My mum-in-law, Donna, never finished her puzzle. She loved the 9-letter puzzles from the Herald Sun. You can find them just past the “news” section (and yeah, those quotation marks are there on purpose). The puzzle maker gives you 8 letters around a central 9th letter. Your job is to form as many words as possible from any combination of the letters and, if you can, to find the 9-letter word that, together, they make up. Donna missed a few words like ‘repair’ and ‘rapier’, which I thought strange for a person of her formidable ability. I finished what I could, but I never did discover that 9-letter word.
My mum-in-law was young for an older person and her passing came as great shock. Someone so beautiful and generous deserved many more years in this world, and this world deserved many more years of her. We laid her to rest last week, inside one of her handbags (I know just what you’re thinking, but she was cremated first). God, she loved her handbags! It was a fitting send-off. To say that she’ll be missed is far too trite a phrase to describe the sense of loss we all feel.
What Dreams May Come
When we’re young, we believe ourselves invincible. But with age, we seem to become more and more vincible. We grow more susceptible to injury and recovery takes longer. The person in the mirror looks more weathered as the years pass. We come to recognise that we are, indeed, mortal. And the spectre of that mortality looms larger when loved ones of the generation before ours pass away.
We don’t like talking about death. We don’t even like thinking about death. “When I die…” is a surefire way to kill the mood in a room and you won’t be invited to social events if that’s your go-to conversation starter. I think, if we’re honest, the prospect of death scares many of us. We wonder what it might feel like. We want to know it won’t hurt and we hope that it will be quick. We wonder what happens after we depart this life.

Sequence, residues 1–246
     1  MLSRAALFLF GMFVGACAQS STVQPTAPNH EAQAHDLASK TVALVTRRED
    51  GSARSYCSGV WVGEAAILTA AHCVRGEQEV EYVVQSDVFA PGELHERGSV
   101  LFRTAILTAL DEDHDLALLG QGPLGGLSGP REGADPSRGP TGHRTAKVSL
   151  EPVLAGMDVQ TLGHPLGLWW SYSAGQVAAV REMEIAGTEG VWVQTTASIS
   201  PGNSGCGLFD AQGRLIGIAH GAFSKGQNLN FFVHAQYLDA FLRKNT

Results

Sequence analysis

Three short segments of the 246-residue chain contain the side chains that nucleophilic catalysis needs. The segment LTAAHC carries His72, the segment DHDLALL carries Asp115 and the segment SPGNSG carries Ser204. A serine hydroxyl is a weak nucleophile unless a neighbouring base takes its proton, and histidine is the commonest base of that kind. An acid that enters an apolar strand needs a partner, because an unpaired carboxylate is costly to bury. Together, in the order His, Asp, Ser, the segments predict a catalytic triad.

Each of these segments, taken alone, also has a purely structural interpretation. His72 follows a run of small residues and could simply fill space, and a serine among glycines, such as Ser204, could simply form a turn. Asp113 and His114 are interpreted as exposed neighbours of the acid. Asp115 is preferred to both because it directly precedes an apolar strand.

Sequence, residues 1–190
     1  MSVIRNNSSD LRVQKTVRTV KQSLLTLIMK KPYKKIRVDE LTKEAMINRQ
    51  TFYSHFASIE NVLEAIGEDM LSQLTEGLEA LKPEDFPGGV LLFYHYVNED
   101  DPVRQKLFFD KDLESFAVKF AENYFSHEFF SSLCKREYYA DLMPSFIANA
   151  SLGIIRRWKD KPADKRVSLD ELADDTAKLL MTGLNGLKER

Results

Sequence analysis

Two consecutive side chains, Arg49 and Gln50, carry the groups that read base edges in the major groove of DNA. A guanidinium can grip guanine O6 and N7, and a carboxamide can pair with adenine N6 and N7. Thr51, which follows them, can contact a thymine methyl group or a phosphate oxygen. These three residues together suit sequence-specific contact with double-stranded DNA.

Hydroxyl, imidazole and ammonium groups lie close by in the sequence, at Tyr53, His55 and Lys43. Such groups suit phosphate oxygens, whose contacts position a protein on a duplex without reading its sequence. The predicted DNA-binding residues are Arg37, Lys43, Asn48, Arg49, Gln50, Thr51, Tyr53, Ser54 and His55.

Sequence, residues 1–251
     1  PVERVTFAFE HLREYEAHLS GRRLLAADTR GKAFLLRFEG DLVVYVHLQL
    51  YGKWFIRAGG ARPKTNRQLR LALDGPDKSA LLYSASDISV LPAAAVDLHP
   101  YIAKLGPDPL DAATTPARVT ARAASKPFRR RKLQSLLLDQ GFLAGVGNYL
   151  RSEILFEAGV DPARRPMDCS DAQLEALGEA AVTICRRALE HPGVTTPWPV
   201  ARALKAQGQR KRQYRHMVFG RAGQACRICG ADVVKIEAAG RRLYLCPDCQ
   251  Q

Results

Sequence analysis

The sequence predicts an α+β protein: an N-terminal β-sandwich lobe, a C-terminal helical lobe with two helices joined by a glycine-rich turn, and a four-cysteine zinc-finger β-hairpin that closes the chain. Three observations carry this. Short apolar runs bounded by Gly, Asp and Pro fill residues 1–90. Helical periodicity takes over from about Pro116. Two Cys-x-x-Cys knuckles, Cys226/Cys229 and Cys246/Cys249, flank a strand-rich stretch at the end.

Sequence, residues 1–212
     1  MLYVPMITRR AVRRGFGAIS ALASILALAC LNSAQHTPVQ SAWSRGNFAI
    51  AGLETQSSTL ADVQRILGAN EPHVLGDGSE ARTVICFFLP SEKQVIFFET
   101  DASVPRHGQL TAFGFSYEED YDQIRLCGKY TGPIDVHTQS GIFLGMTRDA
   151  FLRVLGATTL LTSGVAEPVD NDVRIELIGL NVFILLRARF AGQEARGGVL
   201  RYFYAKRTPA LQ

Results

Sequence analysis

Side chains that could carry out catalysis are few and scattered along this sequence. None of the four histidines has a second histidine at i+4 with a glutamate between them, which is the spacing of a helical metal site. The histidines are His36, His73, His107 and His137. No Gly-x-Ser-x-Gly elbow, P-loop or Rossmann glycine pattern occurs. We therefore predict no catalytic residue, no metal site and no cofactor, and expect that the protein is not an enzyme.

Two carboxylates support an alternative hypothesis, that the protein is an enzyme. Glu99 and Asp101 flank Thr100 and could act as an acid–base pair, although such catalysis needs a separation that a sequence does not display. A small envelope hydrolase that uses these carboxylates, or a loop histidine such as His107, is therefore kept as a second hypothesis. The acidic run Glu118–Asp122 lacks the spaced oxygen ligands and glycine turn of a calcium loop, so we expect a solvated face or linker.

I suppose, then, that the fear of death is essentially the fear of the unknown. As Shakespeare’s Hamlet stated, death is a journey to ‘the undiscovered country from whose bourn no traveller returns’. We don’t get postcards or selfies from the other side. We can’t ask, “How was your trip?” or “Was the flight bumpy?” or “What are things like there?” Simply put, no one survives the experience to report back to us.
The One Who Came Back
But what if someone did? In fact, that’s the beating heart of Christian belief: that One did pass through death and out again, alive and well. It’s on this truth that generations of Christians, from the 1st century to the 21st century, have pinned their hopes.
Interestingly, after showing back up unexpectedly, Jesus seemingly had next to nothing to say about dying, what it was like or what greeted him after his last breath on the cross. He didn’t hand out copies of What to Expect When You’re Expecting to Die. And the New Testament writers don’t seem particularly interested in the particulars – only the astounding reality of the Messiah’s resurrection, his return in flesh and blood, and the new world which had dawned as a result. That’s the funny thing about those authors and about Jesus himself: they’re far more interested in life – abundant life now and the life of the age to come – than they are about death.
About the only thing Jesus did say was that he would constantly remain with us ‘even to the end of the age’ (Matthew 28:20). It’s far deeper and more unfathomable than a hackneyed utterance meant to soothe small children and nice old ladies. It’s a promise that, when our ‘time’ comes, someone will abide with us in a tangible way, one who knows what passes through the mind as death approaches, one who understands what it feels like to die, one who knows what mysteries lie beyond, and most importantly, one who has defeated death itself by exhausting its power and rising once more to life.
That’s what I imagine when I think of my mum-in-law, sitting in bed, reading her book. I see Jesus tapping her on the shoulder, quietly whispering, ‘Sweetheart, it’s time,’ and then escorting her peacefully, arm in arm, from the room.
We’ll miss you, Donz. And sorry about that 9-letter word. I worked and worked at it, but honestly, it was a real bitch.